I am writing this on Veterans Day, and this is a Veterans Day column. Though Nov. 11 has passed, I want to share the experience of this Navy veteran who served on a destroyer in the Tonkin Gulf during the Vietnam War.

For the six months that my ship supported Marines ashore as well as aircraft carriers in the gulf, I saw many glorious South Asian sunrises and endured many late-night rendezvous with oil tankers and supply ships.

My ship’s role was not a particularly dangerous one most times, so much of what we did was simply “being there” and being active for what were typically 18- to 20-hour days.

Looking back I am struck by what we asked of mostly very young men (and it was all men back then). I was all of 24 and a venerable veteran, one of the three most senior officers on my destroyer.

The responsibility we had was staggering. I remember one dark and stormy night in particular when I was the officer of the deck, in charge of running the ship, as we maneuvered at high speed in formation with a very large aircraft carrier and several other destroyers.

Our captain had gone to bed. All ships were running “dark” with no lights showing. In such situations it was often difficult to figure out just what courses the other ships were on, particularly the aircraft carrier.

Carriers were run by naval aviators who often seemed to us destroyer men to be cavalier about such things as course and speed. Often they did what they needed to do to launch or recover aircraft and left it up to us lesser mortals to stay out of the way.

Trust me, when an aircraft carrier just 1,000 yards in front of you starts to turn, you really do want to know which way they are going so as not to get caught in front of them. Aircraft carriers are clumsy, big and menacing.

On this particular night the carrier’s course reversals led to several anxious moments. Our ship plotted the carrier’s turn, but it was impossible to see from our bridge just how the turn was progressing or how vulnerable we might be.

A few months earlier a ship on which a Naval Academy classmate served had barely survived a night scrape with a carrier, losing some superstructure but, luckily, no lives.

I said a few prayers that night, and all worked out well. We had a good crew and sufficient training by this time to handle most situations.

I still marvel at the way the Navy effectively brought together such a disparate group. I am quite sure it is still that way in the all-volunteer armed forces of today. Young men and women with diverse backgrounds and little experience soon find themselves called on to deal with challenges, often in remote and inhospitable places. They do it, mostly well and often with too little appreciation.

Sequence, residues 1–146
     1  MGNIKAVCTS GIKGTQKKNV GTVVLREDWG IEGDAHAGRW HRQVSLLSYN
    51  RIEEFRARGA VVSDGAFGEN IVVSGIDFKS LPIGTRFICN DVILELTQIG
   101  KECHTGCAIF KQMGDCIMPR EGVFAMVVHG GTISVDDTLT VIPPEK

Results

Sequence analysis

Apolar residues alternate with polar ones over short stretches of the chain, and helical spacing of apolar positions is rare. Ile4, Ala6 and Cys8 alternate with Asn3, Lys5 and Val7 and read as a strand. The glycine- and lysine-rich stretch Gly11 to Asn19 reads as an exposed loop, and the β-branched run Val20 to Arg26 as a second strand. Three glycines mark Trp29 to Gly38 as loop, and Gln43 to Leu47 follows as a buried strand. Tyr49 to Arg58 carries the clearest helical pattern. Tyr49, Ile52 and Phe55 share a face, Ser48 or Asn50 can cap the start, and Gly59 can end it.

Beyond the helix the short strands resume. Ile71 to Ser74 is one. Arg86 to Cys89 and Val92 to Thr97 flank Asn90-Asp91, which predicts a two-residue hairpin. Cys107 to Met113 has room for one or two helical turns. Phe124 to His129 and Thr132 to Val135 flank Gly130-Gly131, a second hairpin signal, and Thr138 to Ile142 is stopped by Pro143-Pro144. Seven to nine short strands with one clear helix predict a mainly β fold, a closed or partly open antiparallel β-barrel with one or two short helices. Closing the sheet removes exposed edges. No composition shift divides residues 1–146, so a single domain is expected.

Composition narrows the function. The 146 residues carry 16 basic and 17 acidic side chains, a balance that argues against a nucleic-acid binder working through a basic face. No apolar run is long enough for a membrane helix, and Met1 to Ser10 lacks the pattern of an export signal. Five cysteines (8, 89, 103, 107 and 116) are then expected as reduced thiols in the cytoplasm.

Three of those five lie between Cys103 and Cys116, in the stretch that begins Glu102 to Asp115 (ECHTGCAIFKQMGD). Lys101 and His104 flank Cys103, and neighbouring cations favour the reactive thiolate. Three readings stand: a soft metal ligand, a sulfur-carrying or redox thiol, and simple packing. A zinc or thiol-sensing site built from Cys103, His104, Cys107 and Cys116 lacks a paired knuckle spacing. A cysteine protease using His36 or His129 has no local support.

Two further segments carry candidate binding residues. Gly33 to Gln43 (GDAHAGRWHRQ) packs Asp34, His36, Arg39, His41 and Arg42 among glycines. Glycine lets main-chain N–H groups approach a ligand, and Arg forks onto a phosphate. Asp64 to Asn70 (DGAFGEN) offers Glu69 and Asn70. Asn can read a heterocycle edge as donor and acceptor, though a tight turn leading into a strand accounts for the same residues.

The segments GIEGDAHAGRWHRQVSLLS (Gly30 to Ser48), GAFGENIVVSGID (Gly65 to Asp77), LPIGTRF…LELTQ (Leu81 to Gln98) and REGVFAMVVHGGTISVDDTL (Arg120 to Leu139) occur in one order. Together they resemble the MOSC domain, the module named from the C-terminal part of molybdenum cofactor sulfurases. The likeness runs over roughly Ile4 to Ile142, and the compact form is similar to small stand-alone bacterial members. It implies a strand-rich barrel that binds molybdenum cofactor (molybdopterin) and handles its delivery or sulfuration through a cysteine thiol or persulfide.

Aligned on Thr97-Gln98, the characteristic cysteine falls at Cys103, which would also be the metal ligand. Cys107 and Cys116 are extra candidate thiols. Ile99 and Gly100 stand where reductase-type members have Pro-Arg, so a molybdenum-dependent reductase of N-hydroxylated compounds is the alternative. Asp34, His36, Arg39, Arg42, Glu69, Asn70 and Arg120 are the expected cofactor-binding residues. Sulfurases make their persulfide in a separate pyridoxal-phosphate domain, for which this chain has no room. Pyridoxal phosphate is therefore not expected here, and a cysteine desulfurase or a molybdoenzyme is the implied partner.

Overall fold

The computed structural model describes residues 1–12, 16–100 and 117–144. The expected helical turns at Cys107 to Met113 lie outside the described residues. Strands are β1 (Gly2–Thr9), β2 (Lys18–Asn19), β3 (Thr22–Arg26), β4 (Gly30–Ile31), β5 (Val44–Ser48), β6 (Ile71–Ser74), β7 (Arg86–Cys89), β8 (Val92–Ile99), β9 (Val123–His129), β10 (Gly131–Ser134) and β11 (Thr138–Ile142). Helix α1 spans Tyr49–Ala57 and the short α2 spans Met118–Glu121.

If you want to get a better sense of how the armed forces work today, I recommend Sebastian Unger’s latest book, “War.” Unger spent several months with a combat unit in Afghanistan. He conveys a sense of how these units come together, and how young men deal with a hard but largely boring routine punctuated by moments of terror.

Two weeks ago I was back at the Naval Academy for my 45th reunion. It hardly seems possible that many years have passed since 803 of us were commissioned on a bright June day in 1965.

The most moving event at our reunion was a memorial service for those in our class who have died. Eight of our classmates died in action in the Vietnam War and an additional 15 died on active duty, many in aircraft accidents.

We read their names and also the names of those who have died subsequently. We sang the “Navy Hymn.” We remembered our debt to all of these men who have gone before us. It was a special moment.

Some of you, I hope, took a moment on Veterans Day to reflect on a veteran you have known and also to reflect on the many men and women serving now in Iraq, in Afghanistan, and in many other regions of the world. It is a tough job. We are fortunate to have their service.


Ron Bancroft is an independent strategy consultant located in Portland. He can be contacted at:

[email protected]